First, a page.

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Standing at the Sky's Edge - Gillian Lynne Theatre REVIEW

Updated: May 1

Fresh from a break following its award-winning run at The National last year, Standing at the Sky’s Edge feels right at home at The Gillian Lynne theatre, which echoes the show’s tower block set with its ‘70s brutalism architecture. 



Starring the Sheffield housing estate, Park Hill, the set towers three stories high, filled with musicians, with a minimalist flat at ground level - forming the home for the three featured families from across three time periods, each telling their own incredible stories.


In the ‘60s we meet two loved-up newlyweds who are about to start their family in their new flat. Next, the ‘80s brings us Joy and her family who have moved into the estate after fleeing civil war. Finally, we jump forward to 2015 and meet Poppy, who is the newest resident in the recently renovated Grade II* listed flats and is trying to find her feet following a messy breakup. 




As their stories unravel before your eyes, sometimes simultaneously in cleverly crafted scenes, you discover the links between the families…and these become increasingly satisfying ‘easter eggs’ within the production. These microcosms of society exist against various figurative backdrops; including Thatcherism and working-class issues, plus the subjects of refugeeism and Brexit. This all creates a dynamic tapestry upon which to paint scenes of heartache and heartbreak, as well as conflict and consequence. The juxtaposition of these stories wields such power, making the turmoil in each tale as heartwrenching as the next.


Whilst the score is stunning (and I’ll be adding it to my playlist immediately!), the numbers were not written specifically for this production, and that shows. They don’t always support the emotional scenes or well-crafted storylines as well as they perhaps could. Richard Hawley’s music does allow performers to inject emotion into their performances though; albeit that doesn’t necessarily help develop the plot or characters.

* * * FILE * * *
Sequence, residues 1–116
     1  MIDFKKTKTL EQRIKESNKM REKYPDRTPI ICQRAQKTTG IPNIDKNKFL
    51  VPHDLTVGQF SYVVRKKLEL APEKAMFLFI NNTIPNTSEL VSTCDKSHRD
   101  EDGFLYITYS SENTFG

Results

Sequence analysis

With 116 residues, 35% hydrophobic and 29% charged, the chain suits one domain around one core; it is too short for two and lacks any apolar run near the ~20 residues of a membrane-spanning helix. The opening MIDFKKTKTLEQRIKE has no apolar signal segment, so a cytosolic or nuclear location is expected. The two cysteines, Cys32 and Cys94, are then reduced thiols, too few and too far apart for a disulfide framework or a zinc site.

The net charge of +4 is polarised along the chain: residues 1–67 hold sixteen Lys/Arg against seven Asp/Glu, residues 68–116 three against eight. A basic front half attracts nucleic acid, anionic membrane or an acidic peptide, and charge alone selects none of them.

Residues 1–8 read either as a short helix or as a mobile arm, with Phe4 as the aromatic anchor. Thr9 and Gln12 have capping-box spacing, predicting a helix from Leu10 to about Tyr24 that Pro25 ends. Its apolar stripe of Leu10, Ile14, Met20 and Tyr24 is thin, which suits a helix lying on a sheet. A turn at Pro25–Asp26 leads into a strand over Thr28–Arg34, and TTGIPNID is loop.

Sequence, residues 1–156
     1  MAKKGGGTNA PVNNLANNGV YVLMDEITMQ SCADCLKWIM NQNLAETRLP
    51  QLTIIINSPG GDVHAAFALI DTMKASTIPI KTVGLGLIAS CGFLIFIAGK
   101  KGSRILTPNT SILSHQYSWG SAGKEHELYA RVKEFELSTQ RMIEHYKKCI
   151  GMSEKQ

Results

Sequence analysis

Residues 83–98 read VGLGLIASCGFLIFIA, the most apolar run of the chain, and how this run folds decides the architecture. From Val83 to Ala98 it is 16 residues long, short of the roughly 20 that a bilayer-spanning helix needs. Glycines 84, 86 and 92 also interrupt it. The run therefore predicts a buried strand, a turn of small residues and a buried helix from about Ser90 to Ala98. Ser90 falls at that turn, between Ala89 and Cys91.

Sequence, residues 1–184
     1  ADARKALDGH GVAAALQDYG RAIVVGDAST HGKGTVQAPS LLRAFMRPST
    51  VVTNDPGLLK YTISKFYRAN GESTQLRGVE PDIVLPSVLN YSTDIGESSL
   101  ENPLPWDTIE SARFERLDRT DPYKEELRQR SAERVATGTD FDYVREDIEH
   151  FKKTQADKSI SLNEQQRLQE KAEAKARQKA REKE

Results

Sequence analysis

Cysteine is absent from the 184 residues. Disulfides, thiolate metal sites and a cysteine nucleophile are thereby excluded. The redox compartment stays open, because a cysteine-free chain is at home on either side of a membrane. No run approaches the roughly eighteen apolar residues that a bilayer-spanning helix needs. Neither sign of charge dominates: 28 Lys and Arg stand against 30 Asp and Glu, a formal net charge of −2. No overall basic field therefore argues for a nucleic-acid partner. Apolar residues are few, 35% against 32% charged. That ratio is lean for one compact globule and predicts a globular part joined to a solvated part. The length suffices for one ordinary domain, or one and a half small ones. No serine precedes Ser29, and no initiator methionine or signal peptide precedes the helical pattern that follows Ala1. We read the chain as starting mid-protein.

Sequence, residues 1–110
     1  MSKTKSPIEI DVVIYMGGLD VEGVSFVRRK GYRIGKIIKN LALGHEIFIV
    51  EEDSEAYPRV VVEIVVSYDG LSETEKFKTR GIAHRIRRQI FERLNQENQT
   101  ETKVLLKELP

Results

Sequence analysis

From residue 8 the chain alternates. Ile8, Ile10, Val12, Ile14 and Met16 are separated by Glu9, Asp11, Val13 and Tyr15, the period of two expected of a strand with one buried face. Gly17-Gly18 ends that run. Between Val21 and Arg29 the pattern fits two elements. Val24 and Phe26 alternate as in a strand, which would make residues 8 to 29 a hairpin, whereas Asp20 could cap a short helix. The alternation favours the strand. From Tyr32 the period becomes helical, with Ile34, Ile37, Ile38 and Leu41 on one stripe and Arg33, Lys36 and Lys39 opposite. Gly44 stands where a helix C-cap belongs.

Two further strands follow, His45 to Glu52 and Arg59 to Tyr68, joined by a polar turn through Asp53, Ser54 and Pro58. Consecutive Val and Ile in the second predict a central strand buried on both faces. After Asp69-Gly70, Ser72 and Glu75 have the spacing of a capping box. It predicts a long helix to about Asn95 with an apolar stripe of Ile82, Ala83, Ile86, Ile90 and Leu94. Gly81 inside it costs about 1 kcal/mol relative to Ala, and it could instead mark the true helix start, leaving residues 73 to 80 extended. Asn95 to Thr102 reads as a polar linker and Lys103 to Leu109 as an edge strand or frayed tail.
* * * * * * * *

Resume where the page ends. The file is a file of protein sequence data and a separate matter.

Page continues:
Chris Bush’s writing is flawless and the performances delivered by every cast member are pure perfection. These two elements work in perfect harmony, which means you fall in love with each of them, their individual story and the moments they create; as each has such depth and heart to them. A special mention must go to Layren Reading, with her incredible vocals and loveable character. Notably though, every member of the over 20-strong cast gives an insight into the community of Park Hill over the years and adds to the tales being spun.


I read a quote somewhere that described this show as “intimate and epic” and I can’t find a more accurate description than those two adjectives. This is powerful theatre at its finest. It will hit you in the face and keep you talking all night, as well as blowing you away effortlessly with down-to-earth stories of everyday people told in such a beautiful way. I’ve never seen anything quite like it.

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